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Case 4:04-cr-00025 Document 1148 Filed in TXSD on 10/23/06 Page 1 of 3

IN THE UNITED STATES DISTRICT COURT
FOR THE SOUTHERN DISTRICT OF TEXAS

HOUSTON DIVISION

UNITED STATES OF AMERICA
v.
JEFFREY K. SKILLING

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CRIMINAL NUMBER H-04-025

MEMORANDUM OPINION AND ORDER

Defendant, Jeffrey K. Skilling, has filed a Motion to Request
Interviews with Members of the Jury (Docket Entry No. 1053), to
which the United States has filed an Opposition (Docket Entry
No. 1054), and Skilling has filed a Reply (Docket Entry No. 1057).
When discharging the jury the court instructed the jury
members that they were not to speak with attorneys or
representatives of any party without prior permission from the
court. For the reasons explained in Haeberle v. Texas
International Airlines, 739 F.2d 1019, 1021 (5th Cir. 1984), courts
frequently prohibit attorneys from conducting post-verdict
interviews with jurors.

Federal courts have generally disfavored post-
verdict interviewing of jurors. We have repeatedly
refused to “denigrate jury trials by afterwards
ransacking the jurors in search of some new ground, not
previously supported by evidence for a new trial.”
United States v. Riley, 544 F.2d 237, 242 (5th Cir.
1976), cert. denied, 430 U.S. 932, 97 S. Ct. 1554,
51 L. Ed.2d 777 (1977). Prohibiting post-verdict
interviews protects the jury from an effort to find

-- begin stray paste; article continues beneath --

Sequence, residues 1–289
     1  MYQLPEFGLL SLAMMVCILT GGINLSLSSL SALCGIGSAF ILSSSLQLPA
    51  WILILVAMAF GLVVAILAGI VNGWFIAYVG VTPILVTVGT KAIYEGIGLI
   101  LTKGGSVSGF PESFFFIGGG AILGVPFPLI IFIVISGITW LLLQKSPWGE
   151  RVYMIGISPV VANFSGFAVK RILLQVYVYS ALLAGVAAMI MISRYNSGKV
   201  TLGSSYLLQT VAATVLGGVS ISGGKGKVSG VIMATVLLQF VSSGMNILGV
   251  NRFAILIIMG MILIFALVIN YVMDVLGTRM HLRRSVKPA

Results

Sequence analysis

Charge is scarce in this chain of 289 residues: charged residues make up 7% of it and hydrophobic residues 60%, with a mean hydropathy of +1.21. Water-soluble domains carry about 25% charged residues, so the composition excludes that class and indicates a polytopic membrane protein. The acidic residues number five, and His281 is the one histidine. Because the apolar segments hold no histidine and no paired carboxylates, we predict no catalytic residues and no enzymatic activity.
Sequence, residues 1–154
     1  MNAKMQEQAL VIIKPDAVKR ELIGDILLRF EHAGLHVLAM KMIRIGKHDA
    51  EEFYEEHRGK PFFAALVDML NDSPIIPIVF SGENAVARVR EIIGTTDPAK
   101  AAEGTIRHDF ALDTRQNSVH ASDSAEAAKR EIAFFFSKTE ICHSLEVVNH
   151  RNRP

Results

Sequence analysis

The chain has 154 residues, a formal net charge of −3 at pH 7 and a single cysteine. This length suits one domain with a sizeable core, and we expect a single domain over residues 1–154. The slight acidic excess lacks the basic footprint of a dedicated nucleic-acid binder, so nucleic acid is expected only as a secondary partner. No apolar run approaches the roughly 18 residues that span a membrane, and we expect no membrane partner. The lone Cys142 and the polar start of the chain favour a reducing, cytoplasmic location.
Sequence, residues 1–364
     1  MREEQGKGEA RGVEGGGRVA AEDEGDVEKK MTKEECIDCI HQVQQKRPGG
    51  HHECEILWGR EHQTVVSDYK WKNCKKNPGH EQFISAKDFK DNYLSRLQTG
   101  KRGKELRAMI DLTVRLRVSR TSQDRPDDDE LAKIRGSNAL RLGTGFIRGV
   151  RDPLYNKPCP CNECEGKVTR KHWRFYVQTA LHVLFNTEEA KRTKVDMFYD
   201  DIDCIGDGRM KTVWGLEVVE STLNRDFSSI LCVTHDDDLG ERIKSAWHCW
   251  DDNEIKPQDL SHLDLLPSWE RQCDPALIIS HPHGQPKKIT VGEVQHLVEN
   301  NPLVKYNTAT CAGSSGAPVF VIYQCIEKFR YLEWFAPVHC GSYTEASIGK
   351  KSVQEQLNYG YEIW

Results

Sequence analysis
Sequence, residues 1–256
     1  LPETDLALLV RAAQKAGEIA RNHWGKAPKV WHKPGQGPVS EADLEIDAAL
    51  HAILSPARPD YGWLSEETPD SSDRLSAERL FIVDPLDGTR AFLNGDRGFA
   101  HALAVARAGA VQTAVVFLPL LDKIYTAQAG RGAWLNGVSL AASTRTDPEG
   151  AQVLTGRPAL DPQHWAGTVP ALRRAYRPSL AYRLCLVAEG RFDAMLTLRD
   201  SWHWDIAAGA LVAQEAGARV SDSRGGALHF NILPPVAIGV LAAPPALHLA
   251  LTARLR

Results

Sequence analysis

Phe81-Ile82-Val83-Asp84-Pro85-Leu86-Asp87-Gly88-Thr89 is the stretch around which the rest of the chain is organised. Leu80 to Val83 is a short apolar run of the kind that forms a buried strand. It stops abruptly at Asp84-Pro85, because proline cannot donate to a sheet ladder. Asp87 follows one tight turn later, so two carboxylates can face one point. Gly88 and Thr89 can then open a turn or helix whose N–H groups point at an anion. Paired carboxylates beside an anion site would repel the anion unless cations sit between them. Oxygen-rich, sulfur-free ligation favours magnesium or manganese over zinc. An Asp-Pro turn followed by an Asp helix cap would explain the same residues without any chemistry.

grounds for post-verdict charges of misconduct, reduces
the “chances and temptations” for tampering with the
jury, increases the certainty of civil trials, and

Case 4:04-cr-00025 Document 1148 Filed in TXSD on 10/23/06 Page 2 of 3

spares the district courts time-consuming and futile
proceedings.

Local Criminal Rule 24.1 states:

Juror Contact. Except with leave of Court, no
attorney, party, nor agent of either of them may
communicate with a former juror to obtain evidence of
misconduct in the jury's deliberations.
Although Skilling argues that the purpose of his motion to
interview the jurors is not to obtain evidence of misconduct, the
court is not persuaded by this argument for a number of reasons.
First, Skilling's Reply anticipates that questions about alleged
misconduct may arise during juror interviews since the Reply
suggests a procedure to follow in that situation. Likewise,
Skilling's recently filed Motion for Bail Pending Appeal (Docket
Entry No. 1120) states that he will argue jury misconduct and jury
bias on appeal. Notwithstanding Skilling's statements to the
contrary, the court is persuaded that the main purpose of seeking
to interview jurors is to attempt to obtain alleged evidence of
jury misconduct. Given the rhetorical skills of Skilling's
attorneys and the lack of familiarity of jurors with questioning
techniques, the court can easily anticipate scenarios in which,
through the use of benign, oblique questions by his attorneys,
Skilling may obtain comments from the members of the jury which,
when argued out of context, may be used as alleged evidence of bias
or misconduct.

Because the court concludes that any legitimate interest that
Skilling may have in interviewing jurors is outweighed by the

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Case 4:04-cr-00025 Document 1148 Filed in TXSD on 10/23/06 Page 3 of 3

jurors' interest in privacy and by the “public's interest in well-
administered justice”, Haeberle, 739 F.2d at 1022, and that the
primary purpose of the Motion to Request Interviews with Members of
the Jury is to attempt to obtain evidence of jury misconduct, the
motion is DENIED.

SIGNED at Houston, Texas, on this 23rd day of October, 2006.

____________________________
SIM LAKE
UNITED STATES DISTRICT JUDGE

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